Rod Taylor (1930 - 2015)

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Rod Taylor (1930 - 2015)

Post  BoG on Thu Jan 08, 2015 11:00 pm;-HEART-ATTACK-CLAIMS-POPULAR-LEADING-MAN-OF-60S-AND-70S-CINEMA.html



If the year 2014 proved to be an exceptionally cruel one in terms of the number of legendary celebrities who passed away, the new year is off to an equally depressing start with the news that Rod Taylor has passed away at age 84. Taylor, who was two days away from his 85th birthday, died suddenly from a heart attack following a dinner party at his home. He was surrounded by friends and family when the end came.  Taylor was a solid leading man who came to prominence in the late 1950s. Although Australian by birth, the ruggedly handsome Taylor could effectively play Brits, Irishmen and Americans with convincing ease. He first gained attention with supporting roles in high profile, big Hollywood studio productions in the late 1950s such as "Raintree County" and "Separate Tables".

His breakthrough role came in 1960 when he received top billing in the acclaimed screen adaptation of H.G. Wells' classic science fiction novel "The Time Machine". Taylor was suddenly a hot property and an international star. He could play virtually any kind of role, from light comedy to portraying men of action. By the early 1960s, he was one of the most popular stars in the world. His film credits from this era include "The V.I.P.S",  "The Caterered Affair", Disney's "101 Dalmations", Hitchcock's classic "The Birds", the popular sex farce "Sunday in New York",  "Fate is the Hunter" and "36 Hours" (a rare appearance as a villain). He showed exceptional chemistry with Doris Day and played her leading man in two major hits over a two year period, "Do Not Disturb" and "The Glass Bottom Boat", a Bond-inspired spy spoof. His hot streak continued through the late 1960s with the tough-as-nails mercenary adventure "Dark of the Sun" (aka "The Mercenaries"), the star-studded soap opera "Hotel", the gritty western "Chuka", the espionage thriller "The High Commissioner" and the controversial private eye flick "Darker Than Amber". He also had a supporting role in Antonioni's legendary 1970 flop "Zabriskie Point". By the mid-1970s, however, the bottom seemed to drop out in terms of Taylor being offered good roles. He did co-star with John Wayne in the underrated western "The Train Robbers" in 1973 and that same year co-starred with Richard Harris in another western, "The Deadly Trackers".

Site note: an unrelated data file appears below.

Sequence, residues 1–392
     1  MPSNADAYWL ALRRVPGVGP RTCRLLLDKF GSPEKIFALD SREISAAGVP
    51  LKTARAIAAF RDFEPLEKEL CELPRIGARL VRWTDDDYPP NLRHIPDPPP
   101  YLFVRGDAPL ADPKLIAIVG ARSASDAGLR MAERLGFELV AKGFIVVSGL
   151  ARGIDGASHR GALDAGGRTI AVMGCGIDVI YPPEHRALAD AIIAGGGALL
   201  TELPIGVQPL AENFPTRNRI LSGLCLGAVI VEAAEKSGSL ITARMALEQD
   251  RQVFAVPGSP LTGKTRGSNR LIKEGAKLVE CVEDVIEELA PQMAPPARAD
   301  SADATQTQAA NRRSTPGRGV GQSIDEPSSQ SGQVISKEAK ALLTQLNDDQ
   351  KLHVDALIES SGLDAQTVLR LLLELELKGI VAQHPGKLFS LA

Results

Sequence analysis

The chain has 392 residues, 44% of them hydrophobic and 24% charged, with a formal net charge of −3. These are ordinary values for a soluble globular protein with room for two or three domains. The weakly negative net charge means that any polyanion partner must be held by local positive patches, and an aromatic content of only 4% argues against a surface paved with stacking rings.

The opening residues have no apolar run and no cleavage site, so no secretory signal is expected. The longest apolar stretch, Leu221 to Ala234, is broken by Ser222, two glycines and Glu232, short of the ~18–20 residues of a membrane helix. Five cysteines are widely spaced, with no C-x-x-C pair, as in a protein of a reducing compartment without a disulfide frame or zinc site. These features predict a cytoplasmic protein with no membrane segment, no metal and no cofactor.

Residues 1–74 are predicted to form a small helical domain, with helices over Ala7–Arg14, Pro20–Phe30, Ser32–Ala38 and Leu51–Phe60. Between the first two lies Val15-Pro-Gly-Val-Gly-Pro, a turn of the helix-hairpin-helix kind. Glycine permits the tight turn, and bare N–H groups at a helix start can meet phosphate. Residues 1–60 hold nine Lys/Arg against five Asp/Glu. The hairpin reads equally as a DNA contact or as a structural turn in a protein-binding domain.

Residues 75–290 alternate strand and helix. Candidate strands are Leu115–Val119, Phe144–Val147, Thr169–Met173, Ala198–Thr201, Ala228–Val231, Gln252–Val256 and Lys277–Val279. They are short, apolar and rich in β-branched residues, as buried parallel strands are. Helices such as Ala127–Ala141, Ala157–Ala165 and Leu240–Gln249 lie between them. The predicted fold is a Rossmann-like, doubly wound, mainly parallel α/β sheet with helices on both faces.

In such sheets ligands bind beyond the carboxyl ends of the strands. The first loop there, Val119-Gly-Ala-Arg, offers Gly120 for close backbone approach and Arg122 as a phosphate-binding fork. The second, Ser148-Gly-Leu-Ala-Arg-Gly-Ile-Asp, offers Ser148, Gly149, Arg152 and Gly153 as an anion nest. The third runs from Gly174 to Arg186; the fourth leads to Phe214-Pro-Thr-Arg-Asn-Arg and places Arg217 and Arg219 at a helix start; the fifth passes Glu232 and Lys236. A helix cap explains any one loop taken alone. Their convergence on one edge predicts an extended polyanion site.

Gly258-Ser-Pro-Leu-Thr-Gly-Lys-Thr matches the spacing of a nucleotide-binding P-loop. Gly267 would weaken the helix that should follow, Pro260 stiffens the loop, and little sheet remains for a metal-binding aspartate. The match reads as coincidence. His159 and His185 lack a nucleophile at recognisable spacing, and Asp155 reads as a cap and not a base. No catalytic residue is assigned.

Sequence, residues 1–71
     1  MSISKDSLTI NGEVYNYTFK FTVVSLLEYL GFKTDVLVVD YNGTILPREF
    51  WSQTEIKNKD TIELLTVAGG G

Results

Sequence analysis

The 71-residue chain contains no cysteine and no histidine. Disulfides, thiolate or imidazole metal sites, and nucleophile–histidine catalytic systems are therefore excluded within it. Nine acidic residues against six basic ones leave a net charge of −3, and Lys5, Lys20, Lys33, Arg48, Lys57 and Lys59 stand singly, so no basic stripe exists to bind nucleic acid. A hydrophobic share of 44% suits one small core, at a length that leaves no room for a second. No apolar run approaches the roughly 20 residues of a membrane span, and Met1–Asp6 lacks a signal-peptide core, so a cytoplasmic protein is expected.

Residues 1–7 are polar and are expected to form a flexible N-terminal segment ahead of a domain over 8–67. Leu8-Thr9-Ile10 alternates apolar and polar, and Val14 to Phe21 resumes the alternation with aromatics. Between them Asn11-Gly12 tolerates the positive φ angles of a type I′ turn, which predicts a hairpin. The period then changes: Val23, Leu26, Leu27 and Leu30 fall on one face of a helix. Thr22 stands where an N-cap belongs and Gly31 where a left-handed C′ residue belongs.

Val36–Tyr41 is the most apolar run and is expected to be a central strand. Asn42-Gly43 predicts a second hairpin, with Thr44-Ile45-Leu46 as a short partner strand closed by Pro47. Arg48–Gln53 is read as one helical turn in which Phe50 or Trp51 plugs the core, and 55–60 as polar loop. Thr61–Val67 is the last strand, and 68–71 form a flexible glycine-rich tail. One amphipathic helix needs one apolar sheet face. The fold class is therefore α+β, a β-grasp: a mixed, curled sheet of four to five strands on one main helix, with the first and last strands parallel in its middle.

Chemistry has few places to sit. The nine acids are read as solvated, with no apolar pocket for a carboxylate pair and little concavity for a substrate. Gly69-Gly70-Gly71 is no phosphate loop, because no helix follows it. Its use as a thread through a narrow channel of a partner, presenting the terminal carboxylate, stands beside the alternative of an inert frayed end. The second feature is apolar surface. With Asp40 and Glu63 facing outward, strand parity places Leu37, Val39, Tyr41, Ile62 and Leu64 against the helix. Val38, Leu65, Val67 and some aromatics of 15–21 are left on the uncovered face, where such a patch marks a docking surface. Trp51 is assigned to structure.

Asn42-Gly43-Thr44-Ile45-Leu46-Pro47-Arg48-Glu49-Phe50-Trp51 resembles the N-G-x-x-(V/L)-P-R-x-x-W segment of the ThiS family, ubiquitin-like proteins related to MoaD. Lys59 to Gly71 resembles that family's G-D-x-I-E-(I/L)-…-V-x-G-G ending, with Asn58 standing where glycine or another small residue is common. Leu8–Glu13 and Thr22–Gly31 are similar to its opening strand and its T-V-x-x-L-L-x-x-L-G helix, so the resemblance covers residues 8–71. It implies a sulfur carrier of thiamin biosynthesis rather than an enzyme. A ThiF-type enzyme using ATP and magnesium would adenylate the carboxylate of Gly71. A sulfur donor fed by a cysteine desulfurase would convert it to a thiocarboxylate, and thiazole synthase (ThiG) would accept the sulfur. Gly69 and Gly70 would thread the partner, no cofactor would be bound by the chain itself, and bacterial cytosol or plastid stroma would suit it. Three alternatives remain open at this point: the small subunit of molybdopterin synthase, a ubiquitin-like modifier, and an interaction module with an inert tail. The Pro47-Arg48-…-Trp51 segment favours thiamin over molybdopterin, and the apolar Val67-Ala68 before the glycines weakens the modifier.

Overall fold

Taylor turned to television, starring in numerous series including "Bearcats", "The Oregon Trail" and "Outlaws". He also had a supporting role in the 1980s prime-time soaper "Falcon Crest". From that point on, Taylor seemed to voluntarily refrain from appearing in high profile productions, opting instead for supporting roles in rather obscure, non-Hollywood films. He rarely granted interviews and kept a low profile, though he did come out of self-imposed retirement to portray Winston Churchill in a cameo role in Quentin Tarantino's "Inglourious Basterds" in 2009. Cinema Retro mourns the loss of yet another legendary Hollywood star.  Idea   R.I.P.

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